Magnetron sputtering is a well-known technique using crossed electric and magnetic fields for generating a plasma tunnel above a target providing a source of material which is to be sputtered. The electric field may be produced by applying a bias with a direct current (DC), alternating current (AC), Radio Frequency (RF) or DC with superimposed AC supply. Such methods are widely used for thin film deposition. Many applications involve coating single round substrates, e.g. silicon wafers or disks (optical, magnetic etc). Magnetrons with a rotating magnet assembly may be used for this purpose.

In some applications, a highly uniform film thickness is desirable. However, several physical effects limit the uniformity which is realizable in practice. One effect which can limit the thickness uniformity of a deposited film is the radial erosion of the target and its change over the lifetime of the target. A magnetron with one or more movable permanent magnets may be used to adjust the radial distribution of the thickness of the film on the substrate by partially compensating for the effect of radial erosion of the target.

Other physical effects influencing the film uniformity can be caused by chamber geometry, gas introduction and pumping and so on. The homogeneity of the crystal structure of the sputtered target, such as the grain size and preferred crystal orientation, can also affect the thickness uniformity of the deposited films. Furthermore, the sputtering yield may be different in various crystallographic directions of the grains in the target. This can result in an undesirable thickness non-uniformity on the substrate. The distribution of this non-uniformity may have an apparently irregular shape.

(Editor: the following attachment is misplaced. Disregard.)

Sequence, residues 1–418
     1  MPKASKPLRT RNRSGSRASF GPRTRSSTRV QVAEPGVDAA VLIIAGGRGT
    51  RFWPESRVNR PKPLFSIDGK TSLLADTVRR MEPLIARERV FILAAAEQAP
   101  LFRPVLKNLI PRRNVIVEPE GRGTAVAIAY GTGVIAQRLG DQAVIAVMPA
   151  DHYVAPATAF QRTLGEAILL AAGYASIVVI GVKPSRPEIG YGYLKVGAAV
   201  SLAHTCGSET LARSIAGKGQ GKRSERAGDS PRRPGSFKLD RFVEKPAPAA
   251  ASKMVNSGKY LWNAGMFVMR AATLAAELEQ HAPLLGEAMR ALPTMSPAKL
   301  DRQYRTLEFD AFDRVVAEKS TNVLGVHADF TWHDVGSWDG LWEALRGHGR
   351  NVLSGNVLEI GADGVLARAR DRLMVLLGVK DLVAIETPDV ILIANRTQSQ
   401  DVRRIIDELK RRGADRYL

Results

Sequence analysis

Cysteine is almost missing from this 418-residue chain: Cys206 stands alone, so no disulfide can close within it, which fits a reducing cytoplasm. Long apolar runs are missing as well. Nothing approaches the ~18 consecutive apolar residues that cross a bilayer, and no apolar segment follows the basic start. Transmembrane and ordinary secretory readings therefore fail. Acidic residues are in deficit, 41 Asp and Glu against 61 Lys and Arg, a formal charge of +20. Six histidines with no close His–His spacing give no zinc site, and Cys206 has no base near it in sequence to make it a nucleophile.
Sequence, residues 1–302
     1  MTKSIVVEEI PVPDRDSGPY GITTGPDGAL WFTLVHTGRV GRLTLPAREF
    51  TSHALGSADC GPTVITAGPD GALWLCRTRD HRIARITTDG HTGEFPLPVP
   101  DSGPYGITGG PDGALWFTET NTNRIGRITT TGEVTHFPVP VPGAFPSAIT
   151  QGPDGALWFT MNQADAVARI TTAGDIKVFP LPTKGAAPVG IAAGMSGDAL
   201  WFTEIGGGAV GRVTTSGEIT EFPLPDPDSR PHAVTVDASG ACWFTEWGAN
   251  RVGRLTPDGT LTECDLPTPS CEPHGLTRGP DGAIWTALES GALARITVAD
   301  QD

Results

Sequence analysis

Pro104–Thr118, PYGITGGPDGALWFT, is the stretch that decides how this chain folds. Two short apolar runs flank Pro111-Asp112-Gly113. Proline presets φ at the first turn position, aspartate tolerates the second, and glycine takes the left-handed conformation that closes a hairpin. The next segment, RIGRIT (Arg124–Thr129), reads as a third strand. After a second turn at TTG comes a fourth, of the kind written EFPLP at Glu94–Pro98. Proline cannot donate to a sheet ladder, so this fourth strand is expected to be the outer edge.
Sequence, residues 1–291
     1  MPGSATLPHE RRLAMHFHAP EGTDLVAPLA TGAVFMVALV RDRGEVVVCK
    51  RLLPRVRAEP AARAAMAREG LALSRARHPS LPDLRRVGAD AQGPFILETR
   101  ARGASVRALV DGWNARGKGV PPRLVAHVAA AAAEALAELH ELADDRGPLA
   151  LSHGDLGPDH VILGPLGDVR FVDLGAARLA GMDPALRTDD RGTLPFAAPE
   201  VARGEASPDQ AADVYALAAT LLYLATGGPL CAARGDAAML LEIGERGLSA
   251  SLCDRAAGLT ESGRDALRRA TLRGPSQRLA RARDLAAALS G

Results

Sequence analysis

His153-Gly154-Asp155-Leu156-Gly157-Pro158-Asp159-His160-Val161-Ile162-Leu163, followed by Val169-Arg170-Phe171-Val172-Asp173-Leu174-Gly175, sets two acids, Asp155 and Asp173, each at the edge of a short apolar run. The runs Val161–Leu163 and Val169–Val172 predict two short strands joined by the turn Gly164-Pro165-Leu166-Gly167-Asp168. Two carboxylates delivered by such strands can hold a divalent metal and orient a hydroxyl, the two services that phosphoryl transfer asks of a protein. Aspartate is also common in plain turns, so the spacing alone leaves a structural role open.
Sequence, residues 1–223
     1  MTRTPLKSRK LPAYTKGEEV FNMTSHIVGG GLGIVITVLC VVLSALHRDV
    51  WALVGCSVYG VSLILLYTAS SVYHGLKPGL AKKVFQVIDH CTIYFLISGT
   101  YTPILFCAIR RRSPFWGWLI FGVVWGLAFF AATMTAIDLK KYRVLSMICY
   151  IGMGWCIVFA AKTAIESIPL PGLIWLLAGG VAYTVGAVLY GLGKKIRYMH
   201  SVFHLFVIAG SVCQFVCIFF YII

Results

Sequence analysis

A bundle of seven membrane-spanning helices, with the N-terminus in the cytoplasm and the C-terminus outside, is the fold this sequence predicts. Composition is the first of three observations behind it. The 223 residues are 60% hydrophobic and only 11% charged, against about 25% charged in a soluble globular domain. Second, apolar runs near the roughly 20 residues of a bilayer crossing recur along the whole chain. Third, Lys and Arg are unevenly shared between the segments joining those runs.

Some of the angular thickness non-uniformity may be compensated by using a periodic modulation of the power delivered to the source by the power supply which has the same frequency as and is synchronized in phase with the rotation of the magnet. The power modulation may comprise a sinus or cosinus function. Such an arrangement can compensate for a tilt (slope, skew) in the thickness uniformity pattern observed for the deposited film. However, some thickness non-uniformity can still be present.

It is, therefore, desirable to provide a method of magnetron sputtering with which a film can be deposited on a substrate with an improved thickness uniformity.

A method of magnetron sputtering is provided which comprises rotating a magnet of a magnetron with an angular frequency ω, and during sputtering of material from a source of the magnetron onto a substrate, periodically modulating a power level applied to the source with at least a component comprising a frequency f which is a harmonic of the angular frequency ω of rotation of the magnet other than the first harmonic.